Kenworth announced it is developing a prototype hydrogen fuel cell version of the T680 day cab for drayage tractor operation at Southern California ports.
The project is backed by a $9 million government grant awarded last August. The hydrogen fuel cell is provided by the Canadian company Ballard Power Systems and it will charge batteries on the truck, producing only water in emissions. The T680 day cab tractor will use lithium-ion batteries to power a dual-rotor electric motor, driving the rear tandem axle through a 4-speed automated transmission.
Kenworth’s hydrogen fuel cell T680 is expected to be ready for initial track and on-road testing in the fourth quarter of this year.
Kenworth also recently began building a T680 day cab hybrid truck powered by a Cummins Westport ISL G Near Zero NOx engine running on compressed natural gas to generate electricity. The two T680 tractors will be identical with the exception of the power generation systems. Each truck will have an electric-only range of about 30 miles, and the onboard fuel will provide sufficient range for a full day in regional haul applications, according to Kenworth.
A third project received $4.8 million in funding from the California Air Resources Board with the South Coast Air Quality Management District as the prime applicant. Kenworth will build four additional, hybrid-electric T680 day cabs equipped with the Cummins Westport ISL G Near Zero NOx engine operating on CNG, and will also support customer field tests of these units in Southern California drayage operations.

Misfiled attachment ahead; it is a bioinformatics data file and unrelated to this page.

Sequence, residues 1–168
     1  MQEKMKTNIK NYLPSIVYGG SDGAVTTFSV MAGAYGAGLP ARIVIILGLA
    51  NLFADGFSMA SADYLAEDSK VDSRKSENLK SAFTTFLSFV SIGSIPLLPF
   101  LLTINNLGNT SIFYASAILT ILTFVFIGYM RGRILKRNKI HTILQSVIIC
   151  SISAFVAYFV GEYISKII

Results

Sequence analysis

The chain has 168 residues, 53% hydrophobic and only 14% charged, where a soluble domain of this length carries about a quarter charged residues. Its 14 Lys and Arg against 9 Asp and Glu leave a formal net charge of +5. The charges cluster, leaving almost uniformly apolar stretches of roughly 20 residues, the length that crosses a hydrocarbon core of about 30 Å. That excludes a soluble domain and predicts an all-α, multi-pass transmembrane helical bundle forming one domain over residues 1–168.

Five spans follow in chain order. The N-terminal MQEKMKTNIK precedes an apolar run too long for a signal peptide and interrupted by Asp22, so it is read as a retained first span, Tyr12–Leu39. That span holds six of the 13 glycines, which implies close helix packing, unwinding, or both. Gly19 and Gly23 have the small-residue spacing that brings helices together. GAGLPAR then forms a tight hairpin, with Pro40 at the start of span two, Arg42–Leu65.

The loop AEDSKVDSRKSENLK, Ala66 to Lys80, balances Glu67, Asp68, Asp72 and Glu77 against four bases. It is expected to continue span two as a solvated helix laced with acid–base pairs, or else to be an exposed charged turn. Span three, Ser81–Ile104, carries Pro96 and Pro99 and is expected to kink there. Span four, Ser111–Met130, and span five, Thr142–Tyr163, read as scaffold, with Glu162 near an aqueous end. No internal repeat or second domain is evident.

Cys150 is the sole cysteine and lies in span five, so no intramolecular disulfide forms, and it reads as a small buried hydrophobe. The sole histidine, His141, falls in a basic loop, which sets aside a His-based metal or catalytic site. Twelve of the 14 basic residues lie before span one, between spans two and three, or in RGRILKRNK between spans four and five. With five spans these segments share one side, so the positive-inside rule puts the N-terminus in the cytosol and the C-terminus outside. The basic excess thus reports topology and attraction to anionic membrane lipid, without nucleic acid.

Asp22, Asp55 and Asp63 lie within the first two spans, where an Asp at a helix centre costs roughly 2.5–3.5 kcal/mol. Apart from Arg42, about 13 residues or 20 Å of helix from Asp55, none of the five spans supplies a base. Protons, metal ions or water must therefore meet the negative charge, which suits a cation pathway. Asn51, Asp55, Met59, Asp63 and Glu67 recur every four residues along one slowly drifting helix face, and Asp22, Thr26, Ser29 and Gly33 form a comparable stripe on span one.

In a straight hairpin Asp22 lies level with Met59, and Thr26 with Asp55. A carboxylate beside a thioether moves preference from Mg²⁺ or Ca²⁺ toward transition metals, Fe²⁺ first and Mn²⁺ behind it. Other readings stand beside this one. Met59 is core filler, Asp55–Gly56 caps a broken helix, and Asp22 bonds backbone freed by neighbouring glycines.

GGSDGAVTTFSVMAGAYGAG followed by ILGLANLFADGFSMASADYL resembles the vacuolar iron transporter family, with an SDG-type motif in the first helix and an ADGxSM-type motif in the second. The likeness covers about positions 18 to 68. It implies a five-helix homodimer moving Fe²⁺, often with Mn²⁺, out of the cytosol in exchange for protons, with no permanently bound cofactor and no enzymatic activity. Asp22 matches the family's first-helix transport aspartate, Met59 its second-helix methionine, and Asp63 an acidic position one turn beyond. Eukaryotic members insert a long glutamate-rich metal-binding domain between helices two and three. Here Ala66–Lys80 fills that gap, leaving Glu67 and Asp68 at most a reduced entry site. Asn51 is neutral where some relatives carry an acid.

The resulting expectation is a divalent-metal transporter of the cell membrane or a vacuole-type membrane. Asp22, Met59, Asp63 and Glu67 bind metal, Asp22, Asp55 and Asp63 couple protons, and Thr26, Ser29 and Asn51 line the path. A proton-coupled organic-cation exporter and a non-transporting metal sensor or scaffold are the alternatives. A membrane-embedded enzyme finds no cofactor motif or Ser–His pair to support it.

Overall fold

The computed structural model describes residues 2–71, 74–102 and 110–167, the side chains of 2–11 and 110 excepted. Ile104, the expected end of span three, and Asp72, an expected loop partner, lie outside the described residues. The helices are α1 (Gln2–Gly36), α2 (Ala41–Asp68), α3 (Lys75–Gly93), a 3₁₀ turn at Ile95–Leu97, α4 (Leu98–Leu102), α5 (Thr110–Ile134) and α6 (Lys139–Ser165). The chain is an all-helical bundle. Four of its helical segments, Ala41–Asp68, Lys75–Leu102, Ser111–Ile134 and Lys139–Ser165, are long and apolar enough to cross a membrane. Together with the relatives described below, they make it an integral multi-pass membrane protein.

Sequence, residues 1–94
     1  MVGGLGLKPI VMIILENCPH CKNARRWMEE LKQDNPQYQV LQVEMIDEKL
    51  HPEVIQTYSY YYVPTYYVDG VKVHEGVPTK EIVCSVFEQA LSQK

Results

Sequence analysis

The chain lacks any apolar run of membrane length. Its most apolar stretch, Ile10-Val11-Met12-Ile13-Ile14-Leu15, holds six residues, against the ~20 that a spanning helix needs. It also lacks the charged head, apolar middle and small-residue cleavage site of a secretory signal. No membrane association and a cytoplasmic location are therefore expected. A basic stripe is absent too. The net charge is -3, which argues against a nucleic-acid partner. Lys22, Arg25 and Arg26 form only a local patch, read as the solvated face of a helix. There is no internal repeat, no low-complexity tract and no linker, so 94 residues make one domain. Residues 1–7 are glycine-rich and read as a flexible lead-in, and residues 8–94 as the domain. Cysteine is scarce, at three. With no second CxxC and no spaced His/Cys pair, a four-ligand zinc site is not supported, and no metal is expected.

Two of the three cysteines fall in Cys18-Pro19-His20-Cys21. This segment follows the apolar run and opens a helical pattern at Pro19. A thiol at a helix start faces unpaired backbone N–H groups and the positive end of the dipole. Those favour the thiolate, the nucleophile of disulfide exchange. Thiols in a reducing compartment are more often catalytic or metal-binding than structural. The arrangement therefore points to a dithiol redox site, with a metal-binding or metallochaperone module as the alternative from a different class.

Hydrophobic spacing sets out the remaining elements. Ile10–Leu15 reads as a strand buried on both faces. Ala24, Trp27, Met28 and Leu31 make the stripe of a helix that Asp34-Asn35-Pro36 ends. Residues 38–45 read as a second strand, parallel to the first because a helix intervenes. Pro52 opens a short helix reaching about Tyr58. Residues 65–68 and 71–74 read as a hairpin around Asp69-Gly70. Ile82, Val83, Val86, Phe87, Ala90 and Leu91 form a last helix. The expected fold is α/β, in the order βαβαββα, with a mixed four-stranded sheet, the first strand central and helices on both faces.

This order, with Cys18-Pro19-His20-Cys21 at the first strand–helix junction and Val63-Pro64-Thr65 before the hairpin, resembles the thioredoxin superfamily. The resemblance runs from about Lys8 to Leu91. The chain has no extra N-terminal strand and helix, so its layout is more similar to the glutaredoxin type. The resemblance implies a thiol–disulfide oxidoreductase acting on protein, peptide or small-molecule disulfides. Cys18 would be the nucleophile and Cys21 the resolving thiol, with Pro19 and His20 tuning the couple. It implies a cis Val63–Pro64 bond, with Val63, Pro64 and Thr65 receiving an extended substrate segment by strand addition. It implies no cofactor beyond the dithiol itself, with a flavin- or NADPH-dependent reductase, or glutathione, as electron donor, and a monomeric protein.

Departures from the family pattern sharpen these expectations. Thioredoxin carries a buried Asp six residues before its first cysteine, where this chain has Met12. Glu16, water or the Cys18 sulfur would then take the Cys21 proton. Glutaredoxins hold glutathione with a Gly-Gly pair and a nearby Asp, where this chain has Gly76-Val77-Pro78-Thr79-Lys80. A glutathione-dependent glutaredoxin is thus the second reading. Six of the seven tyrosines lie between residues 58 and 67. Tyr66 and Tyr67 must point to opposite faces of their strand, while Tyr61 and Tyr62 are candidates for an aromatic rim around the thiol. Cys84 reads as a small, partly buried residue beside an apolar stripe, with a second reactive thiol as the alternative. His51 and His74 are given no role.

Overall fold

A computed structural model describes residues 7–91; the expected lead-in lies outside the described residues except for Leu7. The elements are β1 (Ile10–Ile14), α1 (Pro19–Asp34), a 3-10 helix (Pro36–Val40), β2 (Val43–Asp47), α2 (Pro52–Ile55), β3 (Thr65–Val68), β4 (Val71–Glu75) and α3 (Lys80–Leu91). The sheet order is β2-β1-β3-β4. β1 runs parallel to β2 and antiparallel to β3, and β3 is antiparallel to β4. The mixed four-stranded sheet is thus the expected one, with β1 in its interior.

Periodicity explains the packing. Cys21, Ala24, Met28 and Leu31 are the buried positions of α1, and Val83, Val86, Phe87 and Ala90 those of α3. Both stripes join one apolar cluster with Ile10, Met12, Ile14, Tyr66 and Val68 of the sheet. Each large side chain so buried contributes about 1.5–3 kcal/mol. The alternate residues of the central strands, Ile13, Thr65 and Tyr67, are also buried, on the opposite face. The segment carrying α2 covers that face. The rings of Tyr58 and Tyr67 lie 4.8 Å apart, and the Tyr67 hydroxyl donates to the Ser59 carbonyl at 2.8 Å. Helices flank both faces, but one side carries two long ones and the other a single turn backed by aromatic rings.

Kenworth will build its first unit for this project in 2018. Kenworth engineers will be able to make design and system refinements to this 2018 unit based on data collected from this year’s real-world testing of the initial, 2017 hybrid-electric T680. All six prototypes will transport freight from the Ports of Los Angeles and Long Beach to warehouses and railyards in the Los Angeles basin.
“These T680 day cab projects provide an excellent opportunity for Kenworth to develop and advance important technologies that may play a critical role in the trucks of tomorrow,” said Patrick Dean, Kenworth chief engineer. “Within the next decade, hybrid-electric powertrains are expected to be required to satisfy emissions regulations in several major U.S. metropolitan areas. For example, California is considering regulations that will require zero-emission levels for port drayage trucks operating in specifically designated areas.”